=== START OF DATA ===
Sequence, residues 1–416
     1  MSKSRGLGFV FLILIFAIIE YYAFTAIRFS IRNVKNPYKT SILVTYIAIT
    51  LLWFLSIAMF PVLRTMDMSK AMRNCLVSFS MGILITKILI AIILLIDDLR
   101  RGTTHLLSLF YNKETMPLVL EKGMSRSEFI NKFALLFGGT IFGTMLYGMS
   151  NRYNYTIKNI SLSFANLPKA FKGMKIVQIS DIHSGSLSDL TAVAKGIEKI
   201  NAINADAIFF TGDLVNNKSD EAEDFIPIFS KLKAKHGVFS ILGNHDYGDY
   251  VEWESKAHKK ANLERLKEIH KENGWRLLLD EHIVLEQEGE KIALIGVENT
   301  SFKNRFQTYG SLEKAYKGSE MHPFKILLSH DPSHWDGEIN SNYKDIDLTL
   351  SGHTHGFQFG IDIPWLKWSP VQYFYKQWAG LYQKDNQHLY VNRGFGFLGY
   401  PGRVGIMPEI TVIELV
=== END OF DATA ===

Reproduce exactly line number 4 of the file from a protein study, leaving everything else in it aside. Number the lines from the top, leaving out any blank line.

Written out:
   101  RGTTHLLSLF YNKETMPLVL EKGMSRSEFI NKFALLFGGT IFGTMLYGMS